There are alternatives to teamspeak – Mumble for example, but we’ve discovered that sound quality of teamspeak and echo reduction are unbeatable. And teamspeak is really cheap – annual license for 32 slots (users) is just 30$.
And If you want oldschool meetings, which sometimes make sense, remember the ability to focus on them grows a lot if people are able to see each other. Google Hangouts might be a good idea, but for more then 10 cameras you might need something else – we use BigBlueButton to use cameras for everyone in the company (23 people at the moment) and it works well and is free.
Allow Process Change
The important thing about remote working is that it is getting a huge momentum and becomes more and more popular. And when there is a demand, ther is supply. Every couple days there’s a new Web 2.x application release with the sole or partial purpose to aim remote workers.
Very often those apps are crap but every now and then there’s something cool and really handful. Allow you workers to try those out. Something that worked just fine might sky rocket with new tools. And it brings this exciting change to your work environment, without which you loose people.
And, honestly, stop blocking all the facebooks, news sites etc. etc. If your workers want to slack, they will slack – having access to facebook has absolutely nothing to do with it. And if you have someone slacking, you just fire him. Easy as that.
If you do block, on the other hand, then there is 100% chance, if you’re hiring developers, that they will do absolutely everything possible to hack your firewalls, filters etc. And that is – instead of bringing you business value. And guess what? They will most probably hack your protections 😉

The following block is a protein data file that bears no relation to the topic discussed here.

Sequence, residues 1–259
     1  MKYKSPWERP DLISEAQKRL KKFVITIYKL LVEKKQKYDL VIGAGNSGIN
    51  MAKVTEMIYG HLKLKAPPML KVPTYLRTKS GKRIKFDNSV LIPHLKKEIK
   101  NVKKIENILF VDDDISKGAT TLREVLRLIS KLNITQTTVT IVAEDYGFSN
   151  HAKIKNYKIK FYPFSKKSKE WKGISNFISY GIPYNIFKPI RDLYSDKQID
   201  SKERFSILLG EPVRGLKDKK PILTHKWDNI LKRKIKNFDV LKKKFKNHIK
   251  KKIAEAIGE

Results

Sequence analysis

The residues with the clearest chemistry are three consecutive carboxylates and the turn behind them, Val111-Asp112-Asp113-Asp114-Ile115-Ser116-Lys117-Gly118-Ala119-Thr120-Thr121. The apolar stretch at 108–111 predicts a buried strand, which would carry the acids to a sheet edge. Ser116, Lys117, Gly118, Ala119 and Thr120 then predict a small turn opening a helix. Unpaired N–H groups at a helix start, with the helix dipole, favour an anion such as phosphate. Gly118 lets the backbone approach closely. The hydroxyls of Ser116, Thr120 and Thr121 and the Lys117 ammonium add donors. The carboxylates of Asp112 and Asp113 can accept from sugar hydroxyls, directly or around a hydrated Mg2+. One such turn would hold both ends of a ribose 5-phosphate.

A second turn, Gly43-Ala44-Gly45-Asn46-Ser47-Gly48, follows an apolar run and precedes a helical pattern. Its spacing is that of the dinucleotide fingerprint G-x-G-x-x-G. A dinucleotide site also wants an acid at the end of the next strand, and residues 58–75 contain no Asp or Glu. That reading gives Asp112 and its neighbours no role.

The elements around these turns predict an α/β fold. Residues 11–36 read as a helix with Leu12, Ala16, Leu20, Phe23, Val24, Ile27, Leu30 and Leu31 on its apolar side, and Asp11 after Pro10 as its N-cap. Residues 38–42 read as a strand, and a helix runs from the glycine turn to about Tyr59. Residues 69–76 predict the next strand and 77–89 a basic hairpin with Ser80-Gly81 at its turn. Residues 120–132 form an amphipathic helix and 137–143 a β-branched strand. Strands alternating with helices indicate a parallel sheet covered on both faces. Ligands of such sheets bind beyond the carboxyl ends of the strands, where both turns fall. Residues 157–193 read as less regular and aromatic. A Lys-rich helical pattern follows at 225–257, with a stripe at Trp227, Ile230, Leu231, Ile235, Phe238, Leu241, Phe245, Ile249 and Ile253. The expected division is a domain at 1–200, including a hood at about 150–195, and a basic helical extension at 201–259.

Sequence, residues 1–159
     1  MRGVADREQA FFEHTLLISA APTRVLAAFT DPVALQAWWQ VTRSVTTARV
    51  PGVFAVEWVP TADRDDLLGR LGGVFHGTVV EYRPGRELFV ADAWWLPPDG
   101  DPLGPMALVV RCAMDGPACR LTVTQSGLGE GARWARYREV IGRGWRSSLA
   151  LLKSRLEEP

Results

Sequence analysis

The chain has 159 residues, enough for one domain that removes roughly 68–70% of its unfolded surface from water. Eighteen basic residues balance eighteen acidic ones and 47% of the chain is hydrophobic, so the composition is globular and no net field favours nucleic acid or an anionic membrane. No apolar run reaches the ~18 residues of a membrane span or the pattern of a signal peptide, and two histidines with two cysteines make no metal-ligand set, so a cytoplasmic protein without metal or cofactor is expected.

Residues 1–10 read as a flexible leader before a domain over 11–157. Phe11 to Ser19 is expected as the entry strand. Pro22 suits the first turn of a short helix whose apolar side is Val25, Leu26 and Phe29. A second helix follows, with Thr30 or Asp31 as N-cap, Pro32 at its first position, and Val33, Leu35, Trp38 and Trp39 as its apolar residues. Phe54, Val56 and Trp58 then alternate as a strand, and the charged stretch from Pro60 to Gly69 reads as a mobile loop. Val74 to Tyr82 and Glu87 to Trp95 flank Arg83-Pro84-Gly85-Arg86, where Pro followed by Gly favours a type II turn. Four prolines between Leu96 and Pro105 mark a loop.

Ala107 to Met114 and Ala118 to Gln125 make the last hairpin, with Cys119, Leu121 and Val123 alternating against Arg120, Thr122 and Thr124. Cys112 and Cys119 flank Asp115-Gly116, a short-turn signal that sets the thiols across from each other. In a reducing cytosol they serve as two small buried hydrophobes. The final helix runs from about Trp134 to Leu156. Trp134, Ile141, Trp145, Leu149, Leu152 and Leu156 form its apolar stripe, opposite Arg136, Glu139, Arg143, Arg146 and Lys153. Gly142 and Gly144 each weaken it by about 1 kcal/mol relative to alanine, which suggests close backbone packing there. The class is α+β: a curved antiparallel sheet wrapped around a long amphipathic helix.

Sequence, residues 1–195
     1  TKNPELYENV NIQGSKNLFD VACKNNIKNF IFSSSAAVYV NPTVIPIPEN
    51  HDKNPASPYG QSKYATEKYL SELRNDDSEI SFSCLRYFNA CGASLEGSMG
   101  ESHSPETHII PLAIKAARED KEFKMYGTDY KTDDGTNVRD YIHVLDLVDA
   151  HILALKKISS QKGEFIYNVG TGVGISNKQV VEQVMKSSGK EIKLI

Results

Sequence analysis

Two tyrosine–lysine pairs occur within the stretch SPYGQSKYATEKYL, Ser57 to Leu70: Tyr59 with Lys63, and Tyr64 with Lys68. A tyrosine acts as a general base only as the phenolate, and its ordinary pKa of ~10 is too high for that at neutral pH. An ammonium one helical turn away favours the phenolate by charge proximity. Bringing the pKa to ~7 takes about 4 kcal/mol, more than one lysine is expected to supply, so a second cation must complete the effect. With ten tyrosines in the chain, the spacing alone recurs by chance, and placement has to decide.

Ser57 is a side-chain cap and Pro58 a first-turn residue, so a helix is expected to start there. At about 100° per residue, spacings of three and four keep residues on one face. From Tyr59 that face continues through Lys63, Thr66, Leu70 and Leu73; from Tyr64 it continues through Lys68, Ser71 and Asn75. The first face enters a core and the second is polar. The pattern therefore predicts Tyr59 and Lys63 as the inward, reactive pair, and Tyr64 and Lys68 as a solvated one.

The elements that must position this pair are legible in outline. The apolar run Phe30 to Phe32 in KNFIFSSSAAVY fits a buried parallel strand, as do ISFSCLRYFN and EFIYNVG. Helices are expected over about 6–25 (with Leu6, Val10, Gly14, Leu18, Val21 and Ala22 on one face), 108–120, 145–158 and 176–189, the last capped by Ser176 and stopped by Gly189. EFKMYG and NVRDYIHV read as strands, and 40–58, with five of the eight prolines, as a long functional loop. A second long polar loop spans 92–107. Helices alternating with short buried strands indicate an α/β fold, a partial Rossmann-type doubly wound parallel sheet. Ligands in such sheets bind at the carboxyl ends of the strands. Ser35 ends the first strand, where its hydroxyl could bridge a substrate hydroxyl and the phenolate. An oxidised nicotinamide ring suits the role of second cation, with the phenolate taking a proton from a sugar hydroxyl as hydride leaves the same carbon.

What you will loose as well is the ability for them to find on some website, blocked by you, inspiration how to make his work better. Think twice if you want to do that, before blocking their internet.
People are Humans
One last thing. You cannot pretend that humans aren’t humans 🙂 Your duty as an “remote office manager” is to allow your guys to meet from time to time in person. And it is not just meeting – they must have fun, so they can make up for all those things that would have happened in a physical office.
We do it once a month and every time it includes going out for beers or clubs. And from time to time we do it bigger (like get together with whole families for a weekend, or a weekend in Berlin).
If you are dispersed across continents – then it is gonna be more difficult. Probably because of the costs and the travel time, you will have to make it less often, but I think *at least* once a year is an absolute minimum. If you can’t afford it (but you should – you’re saving on the office space 😉 ) – talk to your guys. Maybe they would want to take part of the costs on themselves, just to be able to see the others.
Hope you found some of that blog useful!